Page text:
As an undergraduate at Imperial in the late 90s, I recall having a conversation with a professor asking why the university didn't put past exam papers and lecture material online. He informed me that the department was looking into the matter, but needed a way to ensure outsiders couldn't gain access to the material. He seemed oblivious to the irony of a seat of learning trying to keep education secret, out of the hands of those who couldn't pay or meet our entry standards. It seemed odd to my idealistic teenage ears, and it still seems odd to me now.
Fortunately, the world moved on from such medieval attitudes to learning. MIT led the way in 2002 with their open courseware initiative, and in the past decade we've seen huge growth in the availability of top quality course material online. Nowadays we've moved well beyond lecture notes to videos of the lectures themselves. All students can now have access to the best professors in the world. For those of you who spent time wrestling with the joys of linear algebra as a student, there’s a good chance you used Gilbert Strang’s Introducton to Linear Algebra. Now you can see the man himself lecture the topic, thanks to MIT OCW. Last year, Stanford opened up its AI course to the public, not only uploading recordings of lectures, but allowing interaction with the teachers, issuing and grading exams, and encouraging people to form remote study groups.
Nor is this wealth of material constrained to the technophile sciences. A quick look at iTunes University reveals lecture courses on all manner of subjects encompassing the humanities and social sciences. University courses as well as popular introductions to various topics abound. In the weeks leading up to a trip to China last year, I went through the episodes of Lazlo Montogmery’s China History Podcast series, covering China from its early mythical dynasties through to the modern day.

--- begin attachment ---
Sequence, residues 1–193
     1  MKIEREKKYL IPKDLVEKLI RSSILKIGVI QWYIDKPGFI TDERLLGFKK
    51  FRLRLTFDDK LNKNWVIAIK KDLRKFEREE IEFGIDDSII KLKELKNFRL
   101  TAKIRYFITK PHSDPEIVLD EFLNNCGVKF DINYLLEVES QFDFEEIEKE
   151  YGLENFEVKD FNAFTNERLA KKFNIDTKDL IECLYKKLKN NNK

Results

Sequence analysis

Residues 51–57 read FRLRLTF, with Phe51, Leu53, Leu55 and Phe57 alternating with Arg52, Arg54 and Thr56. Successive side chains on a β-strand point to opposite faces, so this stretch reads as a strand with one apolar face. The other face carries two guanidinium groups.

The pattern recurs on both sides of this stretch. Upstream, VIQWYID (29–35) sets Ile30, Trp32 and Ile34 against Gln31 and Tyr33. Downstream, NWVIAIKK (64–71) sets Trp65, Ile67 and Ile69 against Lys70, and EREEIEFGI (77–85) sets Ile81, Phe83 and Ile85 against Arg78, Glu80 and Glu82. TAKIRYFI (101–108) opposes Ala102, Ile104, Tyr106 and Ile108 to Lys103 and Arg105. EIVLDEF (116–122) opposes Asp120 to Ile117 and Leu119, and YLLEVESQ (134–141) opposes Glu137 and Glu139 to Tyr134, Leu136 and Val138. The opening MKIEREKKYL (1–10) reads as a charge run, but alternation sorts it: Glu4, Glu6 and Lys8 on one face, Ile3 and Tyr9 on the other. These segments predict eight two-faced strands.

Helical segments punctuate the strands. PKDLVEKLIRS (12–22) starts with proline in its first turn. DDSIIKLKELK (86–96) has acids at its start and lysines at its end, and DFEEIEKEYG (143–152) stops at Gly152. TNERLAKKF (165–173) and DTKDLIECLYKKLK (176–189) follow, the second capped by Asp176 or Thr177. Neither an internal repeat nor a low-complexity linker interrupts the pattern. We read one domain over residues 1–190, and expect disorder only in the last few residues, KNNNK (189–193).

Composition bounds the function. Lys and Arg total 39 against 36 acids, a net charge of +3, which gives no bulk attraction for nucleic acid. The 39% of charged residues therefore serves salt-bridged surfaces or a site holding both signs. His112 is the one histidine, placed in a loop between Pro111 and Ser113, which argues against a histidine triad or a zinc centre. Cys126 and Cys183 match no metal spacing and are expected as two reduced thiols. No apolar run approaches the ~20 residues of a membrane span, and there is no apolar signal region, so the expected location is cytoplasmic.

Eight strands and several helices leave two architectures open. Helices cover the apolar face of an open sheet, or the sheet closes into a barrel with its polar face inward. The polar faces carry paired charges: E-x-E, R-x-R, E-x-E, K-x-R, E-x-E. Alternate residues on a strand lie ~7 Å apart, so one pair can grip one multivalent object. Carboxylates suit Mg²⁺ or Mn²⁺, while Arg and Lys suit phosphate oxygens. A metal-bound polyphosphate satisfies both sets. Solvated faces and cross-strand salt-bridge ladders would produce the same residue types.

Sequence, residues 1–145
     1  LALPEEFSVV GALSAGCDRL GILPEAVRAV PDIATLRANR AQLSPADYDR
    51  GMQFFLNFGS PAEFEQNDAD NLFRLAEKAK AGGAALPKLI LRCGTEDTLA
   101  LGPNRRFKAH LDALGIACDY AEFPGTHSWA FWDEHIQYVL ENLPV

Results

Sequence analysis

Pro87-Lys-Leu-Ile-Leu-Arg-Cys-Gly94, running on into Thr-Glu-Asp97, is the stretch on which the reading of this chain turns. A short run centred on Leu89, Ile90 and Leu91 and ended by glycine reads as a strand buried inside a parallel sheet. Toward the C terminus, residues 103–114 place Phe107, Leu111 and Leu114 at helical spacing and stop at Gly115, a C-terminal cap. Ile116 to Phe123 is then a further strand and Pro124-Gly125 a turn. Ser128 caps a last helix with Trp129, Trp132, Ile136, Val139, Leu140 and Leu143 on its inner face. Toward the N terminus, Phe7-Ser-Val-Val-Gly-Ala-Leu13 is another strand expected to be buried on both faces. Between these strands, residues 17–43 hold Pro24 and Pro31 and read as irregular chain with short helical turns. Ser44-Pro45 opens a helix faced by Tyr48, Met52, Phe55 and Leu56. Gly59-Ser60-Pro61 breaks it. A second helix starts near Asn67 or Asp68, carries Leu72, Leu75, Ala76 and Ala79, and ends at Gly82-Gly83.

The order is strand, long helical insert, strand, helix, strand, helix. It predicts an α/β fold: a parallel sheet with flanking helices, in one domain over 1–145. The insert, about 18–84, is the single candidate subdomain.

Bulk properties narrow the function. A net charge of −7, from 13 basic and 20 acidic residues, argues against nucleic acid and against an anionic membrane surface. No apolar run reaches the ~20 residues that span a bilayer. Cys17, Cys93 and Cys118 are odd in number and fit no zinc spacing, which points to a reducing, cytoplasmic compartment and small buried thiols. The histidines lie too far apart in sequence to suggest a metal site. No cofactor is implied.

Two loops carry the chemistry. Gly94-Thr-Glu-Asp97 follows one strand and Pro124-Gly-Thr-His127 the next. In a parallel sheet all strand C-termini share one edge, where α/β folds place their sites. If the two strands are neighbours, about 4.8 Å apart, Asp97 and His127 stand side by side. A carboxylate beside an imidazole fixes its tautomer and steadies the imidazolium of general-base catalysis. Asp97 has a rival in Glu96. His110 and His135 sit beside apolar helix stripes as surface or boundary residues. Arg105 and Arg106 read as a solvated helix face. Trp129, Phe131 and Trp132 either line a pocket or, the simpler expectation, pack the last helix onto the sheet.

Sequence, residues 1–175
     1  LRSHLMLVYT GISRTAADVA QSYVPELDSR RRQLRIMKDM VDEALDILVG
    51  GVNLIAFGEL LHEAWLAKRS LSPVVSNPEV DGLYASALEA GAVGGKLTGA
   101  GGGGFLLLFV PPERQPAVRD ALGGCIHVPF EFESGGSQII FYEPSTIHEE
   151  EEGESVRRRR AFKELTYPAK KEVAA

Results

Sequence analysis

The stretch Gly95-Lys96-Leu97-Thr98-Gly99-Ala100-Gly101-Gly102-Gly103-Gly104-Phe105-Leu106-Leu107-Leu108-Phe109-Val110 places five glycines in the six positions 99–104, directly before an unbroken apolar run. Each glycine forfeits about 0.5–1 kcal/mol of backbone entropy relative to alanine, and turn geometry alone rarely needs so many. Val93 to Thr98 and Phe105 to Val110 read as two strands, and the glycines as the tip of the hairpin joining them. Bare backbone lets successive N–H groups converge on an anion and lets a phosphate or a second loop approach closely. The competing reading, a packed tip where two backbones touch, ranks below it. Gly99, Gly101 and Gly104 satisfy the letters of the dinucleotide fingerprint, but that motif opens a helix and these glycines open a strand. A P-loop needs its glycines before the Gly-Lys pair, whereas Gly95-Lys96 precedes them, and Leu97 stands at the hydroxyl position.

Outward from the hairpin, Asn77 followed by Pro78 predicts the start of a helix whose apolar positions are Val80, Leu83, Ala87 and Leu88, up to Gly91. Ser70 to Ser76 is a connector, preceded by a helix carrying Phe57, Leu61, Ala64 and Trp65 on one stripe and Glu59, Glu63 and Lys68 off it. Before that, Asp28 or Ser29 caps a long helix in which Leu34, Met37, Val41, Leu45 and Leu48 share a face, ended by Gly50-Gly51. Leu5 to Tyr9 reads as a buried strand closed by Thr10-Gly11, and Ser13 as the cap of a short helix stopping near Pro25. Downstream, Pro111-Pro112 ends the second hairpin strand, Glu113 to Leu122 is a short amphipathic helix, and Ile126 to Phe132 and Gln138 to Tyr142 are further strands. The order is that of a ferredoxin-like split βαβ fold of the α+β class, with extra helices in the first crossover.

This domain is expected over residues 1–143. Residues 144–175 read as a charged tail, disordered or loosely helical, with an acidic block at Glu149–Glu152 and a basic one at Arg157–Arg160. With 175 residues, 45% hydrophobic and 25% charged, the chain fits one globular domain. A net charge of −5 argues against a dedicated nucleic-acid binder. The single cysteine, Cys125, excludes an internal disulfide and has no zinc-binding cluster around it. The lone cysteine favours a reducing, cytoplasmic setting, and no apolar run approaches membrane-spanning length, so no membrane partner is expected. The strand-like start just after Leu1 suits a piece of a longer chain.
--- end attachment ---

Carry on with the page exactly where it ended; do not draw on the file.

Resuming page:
Understandably, not everyone may feel up to the challenge of doing an undergraduate level course in their spare time, but thanks to Khan Academy, you can now study topics from a primary school level upwards. Never understood how to do long division? Let Salman Khan teach you in the embarassment free environment of your living room.
No discussion of online education would be complete without mention of TED. At no other time in our history could one so easily access speeches and lectures given by the leading thinkers of our day in person. If you've not yet had the pleasure, go pick a list of top TED talks and watch one a day for the next month. It will be worth the investment of your time.
Education is not something that should stop at the age of 20, or worse still, even earlier. By this I’m not suggesting that we should all spend our time in full time study for longer. Rather I mean that education no longer has to take place only in universities, nor does it have to be done full time. But before we go all wide eyed at this upcoming age of enlightenment, let us be clear - listening to a podcast on Number Theory will not turn you into Karl Friedrich Gauss. Education still requires active participation. Technology can make opportunities available, but there's no substitute for the hard work it will take to master these topics.
We're repeatedly told that the driving force for all modern economies is a highly educated workforce. Klaus Schwab, founder of the World Economic Forum, believes that talent rather than capital is our most important resource. Some in the US have suggested that education should be considered a national security issue. Everyone that has the ability to view this blog post has the ability to educate themselves online.
Whether you chose to avail yourself of these opportunities or not, I guarantee you this: on the other side of the world, in neighbourhoods you've never heard of, there are kids drinking from this firehose of knowledge. One or more of them will grow up to become the next Newton or Einstein.
Never has so much high quality knowledge been made available to so many at such little cost.
So what are you waiting for? Go learn something.